How Do I Get Into Heaven?

Mark 10:13-31

One of the main themes in the 4 Gospels is the theme of "the kingdom of God". In Mark, chapter one, Jesus begins His ministry by saying, "The time is fulfilled, and the kingdom of God is at hand"(1:15). A bit later on in His ministry we hear Jesus say to the religious leaders, "if I cast out demons by the finger of God, then the kingdom of God has come upon you"(Lk.11:20). These two references teach us that the kingdom of God has a relation to a time in human history--a time that began with the earthly ministry of Jesus.

In Mark, chapter 4, Jesus compares the kingdom of God with seeds that become a harvest and with a tiny mustard seed that becomes a large plant(4:26-32). In these two references, the kingdom of God is compared with something that grows.

And now, in Mark chapter 10, we read that the kingdom of God is something that can be entered, it is something that can be received, and it is something that can be possessed.

With all of these different descriptions of the kingdom of God, you might be tempted to ask the question: Is Jesus talking about the same kingdom? To this, the Bible answers 'yes' and 'no'. The 'yes' is that the kingdom of God is always a reference to God's special reign. But sometimes, Jesus speaks of God's special reign on earth, while at other times, He speaks about God's special reign in heaven.

When Jesus speaks of God's special reign on earth, He speaks of it beginning at a certain time and growing to a certain size. When He speaks of God's special reign in heaven, He speaks of it in terms of gaining eternal life.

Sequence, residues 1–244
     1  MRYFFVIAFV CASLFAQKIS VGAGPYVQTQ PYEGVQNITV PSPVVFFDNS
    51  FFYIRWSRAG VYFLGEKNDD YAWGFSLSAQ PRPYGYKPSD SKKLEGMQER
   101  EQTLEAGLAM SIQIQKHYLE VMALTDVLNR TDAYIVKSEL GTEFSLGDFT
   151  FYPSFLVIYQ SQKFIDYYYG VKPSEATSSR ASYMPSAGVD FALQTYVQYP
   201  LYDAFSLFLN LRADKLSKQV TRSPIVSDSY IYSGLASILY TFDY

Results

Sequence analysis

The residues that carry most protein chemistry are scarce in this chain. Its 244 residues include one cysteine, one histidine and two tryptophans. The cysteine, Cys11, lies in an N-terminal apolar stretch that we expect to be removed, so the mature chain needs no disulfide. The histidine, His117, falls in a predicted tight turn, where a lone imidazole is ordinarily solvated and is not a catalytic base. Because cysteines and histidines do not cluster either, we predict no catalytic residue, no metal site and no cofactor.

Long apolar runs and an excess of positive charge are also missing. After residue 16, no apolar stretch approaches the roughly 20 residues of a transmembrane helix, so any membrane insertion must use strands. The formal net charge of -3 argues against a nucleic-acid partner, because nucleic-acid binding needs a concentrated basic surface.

In today's text, when Jesus speaks of receiving the kingdom of God, when He speaks of gaining eternal life, He is addressing one of the most basic theological questions, "How do I get into heaven?"

This question was put to Jesus by a man commonly referred to as "The Rich Young Ruler". Only Matthew describes the man as young, and only Luke describes the man as a ruler, but all three mention that this man is wealthy.

This encounter begins in verse 17, where we read, "as (Jesus) was setting out on a journey, a man ran up to Him and knelt down before Him, and began asking Him, 'Good Teacher, what shall I do to inherit eternal life?'"

After challenging this man's notion of what good is, and after exhorting the man to keep the commandments, Jesus gives the rich, young, man some bad news. "One thing you lack", Jesus says to him, "go and sell all you possess, and give to the poor, and you shall have treasure in heaven"(10:21).

Now, before we begin to unpack this statement of Jesus, before we examine just what it is that this young man was lacking, it should prove helpful to us to examine what this young man was not lacking.

By examining what the young man was not lacking we can begin to eliminate possible answers to the question, 'How do I get into heaven?'.

As we look at verse 17, the first thing we see is that this young man was not lacking zeal. This man was not indifferent about speaking to Jesus. Mark records that the young man "ran up to Him" in order to ask Jesus his question. The rebuke by Jesus, "One thing you lack" is in spite of the man's zeal. We conclude, therefore, that no person gains entrance into God's kingdom merely by having zeal for Jesus.

We also see in verse 17 that this young man was not lacking humility. Though the young man was a ruler, and had a prominent position in society, it did not prevent him from taking a humble posture before Jesus. Mark tells us that when the young man reached Jesus, he "knelt before Him". But not even humility would gain this young man entrance into eternal life.

In our day, it is a common thing to hear someone say that 'God would never turn away anyone who earnestly seeks after Him'. Yet, the sincerity of the man in this passage is difficult to miss. This young man had zeal, he had humility, and judging by his question, this young man had a sincere desire for eternal life. Kneeling before Jesus, the young man asks, "Good Teacher, what shall I do to inherit eternal life?" Even still, Jesus offers the rebuke, "One thing you lack".